Witkowski proposed a third possibility, that Carrel’s technicians might have intentionally added more chick heart cells to the cultures to make it appear that growth was continuous. These “immortal” cultures were highly important to Carrel, since it symbolized the technological advancement and intellectual prowess he had achieved. Witkowski thus surmised that Carrel’s technicians may have tried illegitimate strategies to maintain the cultures in order to please Carrel. He cited the experience of Ralph Buchsbaum, a biologist who had visited Carrel’s laboratory as a graduate student in the summer of 1930, to illuminate this point. In Buchsbaum’s short visit to Carrel’s laboratory, one of the technicians told Buchsbaum that they would “add a few embryo cells now and then” to keep the cultures alive.
Historians of science hold that the exact cause of the extreme longevity of Carrel’s chick-heart tissue cultures will remain unclear until the process of Carrel’s experiment is meticulously repeated according to the methods he used, and the results from the repetition carefully analyzed. Although many reassessments have been given, in 2009 when this article is written, what went wrong with Carrel’s immortal tissue cultures is still unknown, and remains a matter for further speculation and discussion.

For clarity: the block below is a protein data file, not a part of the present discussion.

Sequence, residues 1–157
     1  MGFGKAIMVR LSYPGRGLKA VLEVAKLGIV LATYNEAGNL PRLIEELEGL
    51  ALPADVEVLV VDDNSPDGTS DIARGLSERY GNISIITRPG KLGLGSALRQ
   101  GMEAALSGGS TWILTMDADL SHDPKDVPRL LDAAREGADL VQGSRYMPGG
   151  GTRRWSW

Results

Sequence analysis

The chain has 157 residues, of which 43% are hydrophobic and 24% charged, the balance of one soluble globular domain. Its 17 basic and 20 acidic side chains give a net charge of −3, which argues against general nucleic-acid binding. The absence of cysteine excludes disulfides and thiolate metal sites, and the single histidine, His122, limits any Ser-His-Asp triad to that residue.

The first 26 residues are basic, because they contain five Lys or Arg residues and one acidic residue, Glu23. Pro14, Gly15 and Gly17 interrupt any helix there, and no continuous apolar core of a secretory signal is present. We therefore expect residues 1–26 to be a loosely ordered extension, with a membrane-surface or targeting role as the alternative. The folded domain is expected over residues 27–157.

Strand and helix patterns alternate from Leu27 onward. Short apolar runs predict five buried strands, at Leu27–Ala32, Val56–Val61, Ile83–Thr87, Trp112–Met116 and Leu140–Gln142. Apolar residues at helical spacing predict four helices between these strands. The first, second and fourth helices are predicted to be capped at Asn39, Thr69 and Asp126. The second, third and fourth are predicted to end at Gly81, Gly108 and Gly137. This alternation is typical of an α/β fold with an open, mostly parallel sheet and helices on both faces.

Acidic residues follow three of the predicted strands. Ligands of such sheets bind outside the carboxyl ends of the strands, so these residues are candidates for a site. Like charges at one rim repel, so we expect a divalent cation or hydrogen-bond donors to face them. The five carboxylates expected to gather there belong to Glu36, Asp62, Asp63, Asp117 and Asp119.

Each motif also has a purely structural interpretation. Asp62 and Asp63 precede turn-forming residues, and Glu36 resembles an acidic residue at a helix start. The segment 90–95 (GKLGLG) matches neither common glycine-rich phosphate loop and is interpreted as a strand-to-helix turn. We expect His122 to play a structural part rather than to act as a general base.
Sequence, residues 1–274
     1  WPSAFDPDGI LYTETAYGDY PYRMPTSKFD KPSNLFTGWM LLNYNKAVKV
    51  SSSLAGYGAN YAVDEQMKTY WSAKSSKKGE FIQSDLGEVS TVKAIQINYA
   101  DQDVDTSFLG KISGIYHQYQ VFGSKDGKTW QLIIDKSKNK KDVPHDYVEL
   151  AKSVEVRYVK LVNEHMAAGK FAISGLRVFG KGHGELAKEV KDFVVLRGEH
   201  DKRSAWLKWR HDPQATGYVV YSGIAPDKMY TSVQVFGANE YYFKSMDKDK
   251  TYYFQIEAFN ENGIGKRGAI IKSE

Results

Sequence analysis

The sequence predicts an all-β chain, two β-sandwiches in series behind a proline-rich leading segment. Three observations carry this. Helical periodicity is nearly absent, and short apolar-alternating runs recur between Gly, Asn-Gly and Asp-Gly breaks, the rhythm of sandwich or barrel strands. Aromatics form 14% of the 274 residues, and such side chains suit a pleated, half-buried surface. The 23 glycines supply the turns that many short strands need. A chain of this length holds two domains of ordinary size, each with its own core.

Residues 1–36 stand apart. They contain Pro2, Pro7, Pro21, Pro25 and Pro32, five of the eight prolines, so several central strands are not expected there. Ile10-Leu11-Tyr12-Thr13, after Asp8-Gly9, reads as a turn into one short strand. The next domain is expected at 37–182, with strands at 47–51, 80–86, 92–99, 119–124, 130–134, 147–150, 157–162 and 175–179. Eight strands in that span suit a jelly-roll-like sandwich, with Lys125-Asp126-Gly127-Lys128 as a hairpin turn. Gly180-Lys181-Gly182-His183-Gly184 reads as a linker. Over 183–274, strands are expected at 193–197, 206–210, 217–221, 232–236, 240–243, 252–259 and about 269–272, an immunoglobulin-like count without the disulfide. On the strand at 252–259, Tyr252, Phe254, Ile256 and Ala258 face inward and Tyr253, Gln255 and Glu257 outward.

- Carrel, Alexis. “On the Permanent Life of Tissues outside of the Organism.” Journal of Experimental Medicine 15 (1912): 516–28.
- Landecker, Hannah. Culturing Life: How Cells Became Technologies. Cambridge, MA: Harvard University Press, 2007.
- Hayflick, Leonard. “A Brief History of the Mortality and Immortality of Cultured Cells.” Keio Journal of Medicine 47 (1998): 174–82.
- Witkowski, Jan A. “Dr. Carrel’s Immortal Cells.” Medical History 24 (1980): 129–42.